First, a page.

The movie's biggest problem is the disjointed script that takes an exciting new turn every fifteen minutes, but by the end, ends up confused about where it was heading to in the first place. Take the premise itself: MI6 is under attack and the identities of several secret service agents are now in the wrong hands. But somewhere mid-way, these agents are all but forgotten as the plot shifts gears to a cat-and-mouse game for your typical action movie staple of vengeance.

The movie is also filled with clichés. Here are some of the formulae that you'd expect Bond to avoid, but Skyfall revels in:

1. When the bad guy is caught early in the movie, you know he wanted to be caught. 2. When the bad guy pulls a gun on the good guy early in the movie, he is not going to pull the trigger. 3. When the bad guy pulls a gun on the good guy at the end of the movie, he is going to give a speech. 4. When the specific quality of a particular weapon is spoken of and dismissed, you know that's the quality that will save the day in the end.

Then there's the problem of the Bond girl who serves as much purpose in the movie as that 'Smoking causes cancer' ads serve at the beginning of it – she doesn't. Bardem's splendid villain is given a shockingly ill- etched out characterisation too, and his job through the movie is waiting it out for the good guy to thwart his bad moves. There's also the bit about Bond's backstory, which seems trite and forced and would've made no difference to the movie had it been left out.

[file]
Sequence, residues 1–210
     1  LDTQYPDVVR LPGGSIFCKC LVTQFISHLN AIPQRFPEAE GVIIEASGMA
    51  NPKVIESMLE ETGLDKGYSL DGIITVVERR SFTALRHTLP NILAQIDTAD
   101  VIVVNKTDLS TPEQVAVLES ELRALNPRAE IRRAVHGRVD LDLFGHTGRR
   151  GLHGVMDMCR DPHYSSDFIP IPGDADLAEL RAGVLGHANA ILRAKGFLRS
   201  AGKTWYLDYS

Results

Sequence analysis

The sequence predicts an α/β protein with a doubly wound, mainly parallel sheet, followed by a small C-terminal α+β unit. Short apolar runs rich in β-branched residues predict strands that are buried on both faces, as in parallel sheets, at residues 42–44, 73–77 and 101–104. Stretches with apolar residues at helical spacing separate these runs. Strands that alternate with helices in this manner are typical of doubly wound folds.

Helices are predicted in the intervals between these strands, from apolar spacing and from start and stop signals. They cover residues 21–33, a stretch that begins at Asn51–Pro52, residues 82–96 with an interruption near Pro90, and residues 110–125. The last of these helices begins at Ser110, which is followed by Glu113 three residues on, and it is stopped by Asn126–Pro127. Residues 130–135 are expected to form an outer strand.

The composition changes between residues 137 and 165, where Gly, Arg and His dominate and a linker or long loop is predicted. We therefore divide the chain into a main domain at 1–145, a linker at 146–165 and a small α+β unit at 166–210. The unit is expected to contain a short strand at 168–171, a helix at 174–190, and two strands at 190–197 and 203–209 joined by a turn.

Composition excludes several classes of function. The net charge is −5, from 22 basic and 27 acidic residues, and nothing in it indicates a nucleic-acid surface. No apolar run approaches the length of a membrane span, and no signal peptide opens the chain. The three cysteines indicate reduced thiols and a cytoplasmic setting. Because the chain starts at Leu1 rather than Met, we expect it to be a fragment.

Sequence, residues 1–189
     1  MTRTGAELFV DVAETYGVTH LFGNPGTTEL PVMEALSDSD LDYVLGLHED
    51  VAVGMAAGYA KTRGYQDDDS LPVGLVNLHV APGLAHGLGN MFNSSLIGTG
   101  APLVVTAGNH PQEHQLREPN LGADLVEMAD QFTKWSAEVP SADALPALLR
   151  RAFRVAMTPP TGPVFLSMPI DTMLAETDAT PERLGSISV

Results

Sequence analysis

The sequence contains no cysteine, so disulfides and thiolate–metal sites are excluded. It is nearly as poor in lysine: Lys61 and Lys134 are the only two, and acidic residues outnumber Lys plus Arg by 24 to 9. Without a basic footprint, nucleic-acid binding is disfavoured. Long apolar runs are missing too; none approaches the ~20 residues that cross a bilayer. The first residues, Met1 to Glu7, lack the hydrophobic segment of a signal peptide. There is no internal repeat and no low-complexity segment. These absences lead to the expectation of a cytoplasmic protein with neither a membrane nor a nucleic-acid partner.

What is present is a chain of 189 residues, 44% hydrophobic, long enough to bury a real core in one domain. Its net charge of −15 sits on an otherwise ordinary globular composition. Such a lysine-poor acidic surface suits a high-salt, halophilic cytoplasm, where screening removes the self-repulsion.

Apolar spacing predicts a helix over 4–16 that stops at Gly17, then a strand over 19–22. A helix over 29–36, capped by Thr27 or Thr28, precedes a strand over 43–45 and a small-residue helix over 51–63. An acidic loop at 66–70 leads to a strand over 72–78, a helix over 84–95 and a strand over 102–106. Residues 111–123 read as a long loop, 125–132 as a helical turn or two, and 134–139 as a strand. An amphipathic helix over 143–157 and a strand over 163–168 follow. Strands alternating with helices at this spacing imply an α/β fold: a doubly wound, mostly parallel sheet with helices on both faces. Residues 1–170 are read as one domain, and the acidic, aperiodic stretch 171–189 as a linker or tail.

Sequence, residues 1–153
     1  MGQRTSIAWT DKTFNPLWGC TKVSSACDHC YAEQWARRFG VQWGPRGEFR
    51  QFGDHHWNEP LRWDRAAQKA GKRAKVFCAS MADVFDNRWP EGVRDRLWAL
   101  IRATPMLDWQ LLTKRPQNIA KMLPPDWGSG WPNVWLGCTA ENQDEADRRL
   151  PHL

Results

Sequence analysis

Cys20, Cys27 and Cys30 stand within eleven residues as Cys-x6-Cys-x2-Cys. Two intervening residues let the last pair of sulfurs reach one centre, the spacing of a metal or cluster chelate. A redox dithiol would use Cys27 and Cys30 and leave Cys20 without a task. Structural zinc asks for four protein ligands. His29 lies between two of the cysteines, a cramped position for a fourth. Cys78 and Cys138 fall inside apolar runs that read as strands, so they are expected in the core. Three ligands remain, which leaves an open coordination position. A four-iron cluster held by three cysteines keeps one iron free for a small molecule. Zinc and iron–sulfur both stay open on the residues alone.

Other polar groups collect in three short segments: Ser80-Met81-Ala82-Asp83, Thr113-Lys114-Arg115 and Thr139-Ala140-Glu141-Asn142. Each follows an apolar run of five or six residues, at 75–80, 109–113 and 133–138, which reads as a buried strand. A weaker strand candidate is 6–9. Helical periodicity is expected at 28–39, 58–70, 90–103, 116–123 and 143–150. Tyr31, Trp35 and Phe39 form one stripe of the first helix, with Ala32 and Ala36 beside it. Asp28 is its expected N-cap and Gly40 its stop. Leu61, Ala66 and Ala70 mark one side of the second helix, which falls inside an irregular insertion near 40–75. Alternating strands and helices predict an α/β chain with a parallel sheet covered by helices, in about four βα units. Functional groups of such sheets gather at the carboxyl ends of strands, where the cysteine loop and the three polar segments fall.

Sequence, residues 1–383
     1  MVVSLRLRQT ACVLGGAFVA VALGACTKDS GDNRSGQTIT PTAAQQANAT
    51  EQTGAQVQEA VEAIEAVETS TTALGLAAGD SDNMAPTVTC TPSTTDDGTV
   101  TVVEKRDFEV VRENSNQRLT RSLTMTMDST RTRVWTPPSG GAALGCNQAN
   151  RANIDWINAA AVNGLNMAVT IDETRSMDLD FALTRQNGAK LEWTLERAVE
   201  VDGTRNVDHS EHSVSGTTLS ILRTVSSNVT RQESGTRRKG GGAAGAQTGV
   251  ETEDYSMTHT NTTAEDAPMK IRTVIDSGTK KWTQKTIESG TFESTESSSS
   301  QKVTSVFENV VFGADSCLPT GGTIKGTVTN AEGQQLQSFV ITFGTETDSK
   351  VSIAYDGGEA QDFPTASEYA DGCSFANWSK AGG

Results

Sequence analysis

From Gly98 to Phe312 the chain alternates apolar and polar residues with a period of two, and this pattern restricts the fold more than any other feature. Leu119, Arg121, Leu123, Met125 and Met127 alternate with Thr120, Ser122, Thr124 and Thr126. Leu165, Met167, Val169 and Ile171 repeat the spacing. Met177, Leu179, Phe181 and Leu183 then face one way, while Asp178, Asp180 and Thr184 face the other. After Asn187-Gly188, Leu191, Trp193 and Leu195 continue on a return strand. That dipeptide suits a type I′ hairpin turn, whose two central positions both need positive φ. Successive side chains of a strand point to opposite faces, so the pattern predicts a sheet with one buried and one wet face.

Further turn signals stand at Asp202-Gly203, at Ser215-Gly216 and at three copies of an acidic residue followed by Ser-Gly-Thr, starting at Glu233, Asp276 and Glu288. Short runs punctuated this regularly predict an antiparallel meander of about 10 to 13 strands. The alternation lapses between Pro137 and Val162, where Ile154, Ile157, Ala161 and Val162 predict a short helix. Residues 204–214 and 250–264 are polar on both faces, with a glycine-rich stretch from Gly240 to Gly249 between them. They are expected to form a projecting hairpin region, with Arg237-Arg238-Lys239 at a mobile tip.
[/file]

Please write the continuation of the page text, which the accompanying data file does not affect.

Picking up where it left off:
Truth is, all would have been forgiven had the grand finale been as devastating as was promised. Instead, we get an ode (?) to – without giving it away, a famous children's film - that seems in scale and impetus, a significant departure from the tone of the movie, as well as the franchise itself. Good or bad, it just doesn't feel like Bond.

My complaint with Skyfall is that somewhere in between the entertainment, the CGI, the stunts and the twists, there was a great movie to be found. But it fell through the cracks into the abyss and only a James Bond can locate it now. This is a Bond that's both same and different to the earlier editions, and that's possibly the reason the movie ends up being, at once, both the very best of Bond and the very worst of Bond.